A lovely blogger friend asks why people attempting to blow up planes don't realize that they are going to be taken down and thoroughly pummeled by their fellow passengers before being handed over to the penal system. Good question...
I haven't really thought about that, although certainly she has a point. I've always supposed that the point for them lays more in scaring people and adding to the annoying layers of bureaucracy that clog up the system and slow things down and generally keep people's stress and fear levels optimized. They want us to feel vulnerable and small and weak. Most of all, they want us to think about them, which we mostly wouldn't do if we weren't afraid that they were going to murder us while we were going about our business-as-usual. If that is your goal, it doesn't matter that much whether your Representative (whether he truly was sent by you or not) succeeds in blowing himself up, or whether he merely gets thoroughly roughed up and sent to prison. The goal is met either way.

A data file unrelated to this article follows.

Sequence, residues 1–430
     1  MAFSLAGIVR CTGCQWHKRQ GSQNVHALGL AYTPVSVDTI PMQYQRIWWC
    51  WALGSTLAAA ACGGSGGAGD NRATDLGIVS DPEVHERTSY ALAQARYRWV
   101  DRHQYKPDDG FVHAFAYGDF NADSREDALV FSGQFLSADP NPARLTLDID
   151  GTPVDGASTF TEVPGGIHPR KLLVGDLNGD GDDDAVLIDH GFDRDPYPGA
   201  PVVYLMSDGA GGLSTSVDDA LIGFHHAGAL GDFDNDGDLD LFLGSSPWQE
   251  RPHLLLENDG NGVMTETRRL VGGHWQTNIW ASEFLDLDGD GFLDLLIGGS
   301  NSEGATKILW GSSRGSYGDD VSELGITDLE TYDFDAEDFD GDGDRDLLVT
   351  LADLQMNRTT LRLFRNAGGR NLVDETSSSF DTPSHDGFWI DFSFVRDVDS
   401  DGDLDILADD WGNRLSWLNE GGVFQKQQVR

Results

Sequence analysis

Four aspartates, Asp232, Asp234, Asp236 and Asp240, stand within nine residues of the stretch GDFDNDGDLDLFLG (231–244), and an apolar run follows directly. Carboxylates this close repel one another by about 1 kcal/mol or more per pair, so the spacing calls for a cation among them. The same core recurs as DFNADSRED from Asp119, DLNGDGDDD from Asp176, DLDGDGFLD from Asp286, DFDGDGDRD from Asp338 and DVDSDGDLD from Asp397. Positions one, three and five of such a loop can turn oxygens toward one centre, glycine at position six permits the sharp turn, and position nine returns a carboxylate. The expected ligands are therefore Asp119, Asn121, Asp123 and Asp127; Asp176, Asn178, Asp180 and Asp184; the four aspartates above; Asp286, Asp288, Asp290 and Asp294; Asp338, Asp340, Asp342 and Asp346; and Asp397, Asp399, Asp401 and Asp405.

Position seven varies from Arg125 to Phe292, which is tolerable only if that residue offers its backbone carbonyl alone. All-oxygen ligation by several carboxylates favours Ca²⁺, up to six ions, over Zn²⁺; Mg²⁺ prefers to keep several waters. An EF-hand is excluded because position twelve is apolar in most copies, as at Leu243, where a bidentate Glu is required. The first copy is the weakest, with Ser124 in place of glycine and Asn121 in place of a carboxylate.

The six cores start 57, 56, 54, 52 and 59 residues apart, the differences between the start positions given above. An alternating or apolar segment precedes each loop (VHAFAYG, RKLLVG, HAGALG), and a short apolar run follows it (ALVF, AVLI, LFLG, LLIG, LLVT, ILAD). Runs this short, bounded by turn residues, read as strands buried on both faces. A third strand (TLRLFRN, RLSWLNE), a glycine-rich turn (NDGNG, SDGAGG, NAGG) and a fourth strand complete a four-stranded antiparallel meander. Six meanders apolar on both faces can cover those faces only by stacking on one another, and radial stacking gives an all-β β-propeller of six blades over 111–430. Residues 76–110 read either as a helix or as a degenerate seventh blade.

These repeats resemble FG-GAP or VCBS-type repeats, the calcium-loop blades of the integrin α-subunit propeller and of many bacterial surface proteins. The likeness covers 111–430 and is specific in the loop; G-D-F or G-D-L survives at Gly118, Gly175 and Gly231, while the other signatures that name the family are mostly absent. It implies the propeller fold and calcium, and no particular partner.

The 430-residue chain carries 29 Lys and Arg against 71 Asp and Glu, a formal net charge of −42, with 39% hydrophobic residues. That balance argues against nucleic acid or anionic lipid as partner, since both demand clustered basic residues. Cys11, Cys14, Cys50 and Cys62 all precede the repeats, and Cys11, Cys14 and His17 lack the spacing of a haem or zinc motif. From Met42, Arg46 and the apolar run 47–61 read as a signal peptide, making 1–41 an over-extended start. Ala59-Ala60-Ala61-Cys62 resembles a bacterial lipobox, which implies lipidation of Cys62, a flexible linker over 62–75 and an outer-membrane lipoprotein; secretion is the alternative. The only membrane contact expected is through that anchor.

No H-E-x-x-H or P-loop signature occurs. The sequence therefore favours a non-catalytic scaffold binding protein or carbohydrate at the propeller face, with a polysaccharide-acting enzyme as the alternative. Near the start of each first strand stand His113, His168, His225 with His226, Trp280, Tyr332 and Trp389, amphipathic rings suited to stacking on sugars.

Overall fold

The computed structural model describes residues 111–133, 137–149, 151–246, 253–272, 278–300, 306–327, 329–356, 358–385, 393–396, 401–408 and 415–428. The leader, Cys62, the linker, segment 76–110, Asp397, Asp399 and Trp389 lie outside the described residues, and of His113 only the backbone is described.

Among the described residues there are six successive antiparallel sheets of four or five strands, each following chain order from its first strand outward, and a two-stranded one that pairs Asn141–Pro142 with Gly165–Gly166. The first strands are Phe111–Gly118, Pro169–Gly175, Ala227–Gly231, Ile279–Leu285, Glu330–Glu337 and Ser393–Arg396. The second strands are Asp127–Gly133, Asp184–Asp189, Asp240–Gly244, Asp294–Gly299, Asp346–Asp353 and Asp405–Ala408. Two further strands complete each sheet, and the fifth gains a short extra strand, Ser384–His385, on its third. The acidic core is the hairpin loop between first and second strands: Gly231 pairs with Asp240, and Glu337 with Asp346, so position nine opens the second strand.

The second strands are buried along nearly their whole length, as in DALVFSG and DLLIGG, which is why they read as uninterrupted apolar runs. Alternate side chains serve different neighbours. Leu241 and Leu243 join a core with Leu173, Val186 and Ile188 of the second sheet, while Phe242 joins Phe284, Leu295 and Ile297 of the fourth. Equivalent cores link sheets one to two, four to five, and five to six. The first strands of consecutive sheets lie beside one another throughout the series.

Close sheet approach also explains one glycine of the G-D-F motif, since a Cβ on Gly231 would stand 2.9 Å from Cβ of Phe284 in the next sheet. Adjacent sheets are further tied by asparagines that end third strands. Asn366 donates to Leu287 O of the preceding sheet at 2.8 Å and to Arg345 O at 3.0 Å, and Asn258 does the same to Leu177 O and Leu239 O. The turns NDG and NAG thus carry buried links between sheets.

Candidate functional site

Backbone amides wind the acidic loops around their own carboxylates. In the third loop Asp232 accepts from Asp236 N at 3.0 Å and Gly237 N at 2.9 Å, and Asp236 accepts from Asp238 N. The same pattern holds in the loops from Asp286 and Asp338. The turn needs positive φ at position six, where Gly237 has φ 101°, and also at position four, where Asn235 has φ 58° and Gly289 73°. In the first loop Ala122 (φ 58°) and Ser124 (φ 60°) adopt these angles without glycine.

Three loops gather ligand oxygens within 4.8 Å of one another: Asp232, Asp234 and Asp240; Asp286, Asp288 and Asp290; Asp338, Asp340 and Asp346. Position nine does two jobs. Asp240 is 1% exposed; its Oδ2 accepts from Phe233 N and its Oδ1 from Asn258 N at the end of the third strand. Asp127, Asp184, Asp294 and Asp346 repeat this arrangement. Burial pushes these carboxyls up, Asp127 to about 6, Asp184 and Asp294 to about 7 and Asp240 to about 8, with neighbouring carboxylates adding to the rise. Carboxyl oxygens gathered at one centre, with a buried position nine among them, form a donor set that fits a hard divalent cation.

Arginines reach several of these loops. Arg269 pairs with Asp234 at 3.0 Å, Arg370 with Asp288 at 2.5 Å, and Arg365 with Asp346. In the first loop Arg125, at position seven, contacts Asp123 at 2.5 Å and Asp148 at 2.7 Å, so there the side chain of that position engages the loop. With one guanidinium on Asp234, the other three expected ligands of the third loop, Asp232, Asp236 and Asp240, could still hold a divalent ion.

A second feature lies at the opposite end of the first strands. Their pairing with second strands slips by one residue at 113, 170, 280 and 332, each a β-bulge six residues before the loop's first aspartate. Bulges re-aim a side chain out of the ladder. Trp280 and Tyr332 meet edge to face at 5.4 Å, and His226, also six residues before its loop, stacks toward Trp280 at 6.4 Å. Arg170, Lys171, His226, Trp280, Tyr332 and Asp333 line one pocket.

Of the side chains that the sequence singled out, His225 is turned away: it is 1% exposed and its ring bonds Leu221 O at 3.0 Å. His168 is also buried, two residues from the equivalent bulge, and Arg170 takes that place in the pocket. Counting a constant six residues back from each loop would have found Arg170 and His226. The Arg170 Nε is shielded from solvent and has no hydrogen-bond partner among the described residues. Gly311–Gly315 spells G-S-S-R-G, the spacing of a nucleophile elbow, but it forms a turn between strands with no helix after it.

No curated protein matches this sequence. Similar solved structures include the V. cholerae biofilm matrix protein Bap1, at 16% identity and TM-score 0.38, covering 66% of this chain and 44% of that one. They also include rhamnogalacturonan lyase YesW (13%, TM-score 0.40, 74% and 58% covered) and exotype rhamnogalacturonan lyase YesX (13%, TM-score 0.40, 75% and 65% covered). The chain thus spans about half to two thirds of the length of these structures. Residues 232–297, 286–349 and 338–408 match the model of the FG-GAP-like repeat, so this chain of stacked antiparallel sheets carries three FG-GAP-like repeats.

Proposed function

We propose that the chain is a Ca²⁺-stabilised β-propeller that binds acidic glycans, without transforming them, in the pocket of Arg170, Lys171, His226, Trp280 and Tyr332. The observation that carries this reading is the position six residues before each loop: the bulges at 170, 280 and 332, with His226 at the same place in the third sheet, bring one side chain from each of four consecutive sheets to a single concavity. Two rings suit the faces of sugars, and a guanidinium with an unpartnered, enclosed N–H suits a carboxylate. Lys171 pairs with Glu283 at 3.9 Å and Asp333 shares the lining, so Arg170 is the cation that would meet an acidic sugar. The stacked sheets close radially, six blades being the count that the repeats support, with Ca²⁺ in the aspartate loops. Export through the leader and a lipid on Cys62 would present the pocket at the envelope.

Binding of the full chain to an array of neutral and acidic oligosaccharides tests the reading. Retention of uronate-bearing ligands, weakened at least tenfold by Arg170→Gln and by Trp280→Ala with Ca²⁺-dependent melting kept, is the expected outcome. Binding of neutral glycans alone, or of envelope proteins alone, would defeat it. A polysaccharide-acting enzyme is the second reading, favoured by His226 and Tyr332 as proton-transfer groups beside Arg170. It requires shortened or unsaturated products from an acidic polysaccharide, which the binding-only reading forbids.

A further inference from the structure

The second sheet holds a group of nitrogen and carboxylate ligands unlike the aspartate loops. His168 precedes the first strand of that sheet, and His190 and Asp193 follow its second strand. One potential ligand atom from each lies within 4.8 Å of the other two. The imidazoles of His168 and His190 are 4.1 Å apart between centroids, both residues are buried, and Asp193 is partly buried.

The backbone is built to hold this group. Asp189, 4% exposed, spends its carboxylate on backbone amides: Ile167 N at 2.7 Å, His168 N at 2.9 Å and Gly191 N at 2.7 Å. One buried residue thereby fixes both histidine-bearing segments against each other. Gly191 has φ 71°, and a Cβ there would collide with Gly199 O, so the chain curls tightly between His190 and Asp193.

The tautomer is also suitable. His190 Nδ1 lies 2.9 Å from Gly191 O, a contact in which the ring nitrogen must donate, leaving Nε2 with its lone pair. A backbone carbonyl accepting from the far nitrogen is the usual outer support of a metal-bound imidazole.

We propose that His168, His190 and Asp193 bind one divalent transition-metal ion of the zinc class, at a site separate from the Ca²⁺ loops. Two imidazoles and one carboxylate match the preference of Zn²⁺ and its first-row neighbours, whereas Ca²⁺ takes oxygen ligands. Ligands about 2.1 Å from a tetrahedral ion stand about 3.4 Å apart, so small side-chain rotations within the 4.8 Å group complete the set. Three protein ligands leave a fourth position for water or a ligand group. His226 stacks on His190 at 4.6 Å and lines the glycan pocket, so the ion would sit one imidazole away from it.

I have a different question - one directed in our direction, rather than theirs. I'd like to know why our airports have been effectively frozen at Threat Level Orange for nine years, even at times when they have known that attack plans were being made, or when an incident like the recent one occurs. What is the point of having 'levels' if we never go from one to the other? It's not a Warning if it stays so steady and familiar that it becomes mere wallpaper. If we never have low-threat periods during which we can aim our travel plans, if we only go to red once a nuclear attack has been actually launched - which is evidently the only thing that could knock the system from its current level - doesn't that sort of negate the purpose?
"Warning, we already blew up, and you are currently a cloud of radioactive dust blowing past this sign. Thank you for your attention, have a nice day."